• July 2012

    Question: I just prevailed in a lawsuit in which an ophthalmologist offered expert testimony against me. His testimony was not scientific, and he could not substantiate his opinion with peer-reviewed literature. His comments about standard of care simply did not hold water. How can I submit this matter for an Ethics Committee review?

    Answer: In this case, it appears as if personal opinion may have trumped objective medical knowledge, which would potentially be in violation of the Academy Code of Ethics. Rule 16 of the code requires that “Expert testimony should be provided in an objective manner using medical knowledge to form expert medical opinions.”

    To submit a challenge to an expert witness testimony, go to www.aao.org/ethics and select “How to Submit.” Be sure to use the Expert Witness Testimony submission form, sign it, and send a hard copy to the Ethics Committee. If you have large volumes of supporting documentation, please submit it electronically.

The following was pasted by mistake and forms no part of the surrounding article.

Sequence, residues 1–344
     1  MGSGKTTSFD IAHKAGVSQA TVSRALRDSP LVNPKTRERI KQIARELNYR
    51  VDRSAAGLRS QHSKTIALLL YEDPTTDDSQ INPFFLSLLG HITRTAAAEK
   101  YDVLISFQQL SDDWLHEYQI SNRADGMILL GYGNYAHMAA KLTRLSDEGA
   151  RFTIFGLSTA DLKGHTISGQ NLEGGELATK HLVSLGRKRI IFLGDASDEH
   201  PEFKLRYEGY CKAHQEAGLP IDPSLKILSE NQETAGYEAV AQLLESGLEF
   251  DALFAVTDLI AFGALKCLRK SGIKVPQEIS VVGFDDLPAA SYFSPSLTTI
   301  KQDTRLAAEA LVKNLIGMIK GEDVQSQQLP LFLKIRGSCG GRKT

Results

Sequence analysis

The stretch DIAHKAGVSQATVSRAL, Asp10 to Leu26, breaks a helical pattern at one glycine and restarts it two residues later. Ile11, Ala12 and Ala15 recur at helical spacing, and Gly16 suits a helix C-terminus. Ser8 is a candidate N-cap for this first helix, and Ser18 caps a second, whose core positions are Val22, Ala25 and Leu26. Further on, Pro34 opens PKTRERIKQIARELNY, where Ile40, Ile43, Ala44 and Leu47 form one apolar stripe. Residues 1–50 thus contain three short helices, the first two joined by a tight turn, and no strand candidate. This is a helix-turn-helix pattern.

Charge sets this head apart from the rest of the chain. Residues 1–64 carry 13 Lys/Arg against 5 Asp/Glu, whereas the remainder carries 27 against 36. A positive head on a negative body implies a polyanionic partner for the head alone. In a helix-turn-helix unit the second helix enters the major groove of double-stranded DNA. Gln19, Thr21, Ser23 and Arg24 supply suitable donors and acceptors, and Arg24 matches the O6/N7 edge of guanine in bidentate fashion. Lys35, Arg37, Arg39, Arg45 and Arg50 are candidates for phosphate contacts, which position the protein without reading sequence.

Upon receiving the challenge, the Ethics Committee makes an initial review to assess whether an allegation might be actionable. If the committee believes the case warrants further investigation, the submitted materials are forwarded to the challenged Fellow or Member, and a response to the submitter’s allegations is requested. If the challenge cannot be resolved via collegial correspondence, the Ethics Committee may elect to hold a private adjudicative hearing involving all parties in the case. Details of the adjudicative and hearing processes are set forth in the administrative procedures of the Code of Ethics.

    It’s important to note that the Ethics Committee must exercise utmost objectivity at all times—starting when its members carefully screen each expert witness testimony challenge submitted for review. The screening process eliminates those challenges that, when viewed in the context of the full testimony, do not provide sufficient material on which to build a robust case. This screening process is crucial because cases involving expert testimony entail painstaking review of voluminous documentation and are oftentimes extremely nuanced and emotionally charged, requiring significant time and effort of the committee’s physician-volunteers.

    Physician-submitters should be aware that the committee may require their help in preparing the case and that Rule 16 of the Code of Ethics, “Expert Testimony,” became effective on Jan. 1, 2004; thus, only testimony given on or after that date is actionable.

    For more information or to submit a question, contact the Ethics Committee staff at ethics@aao.org.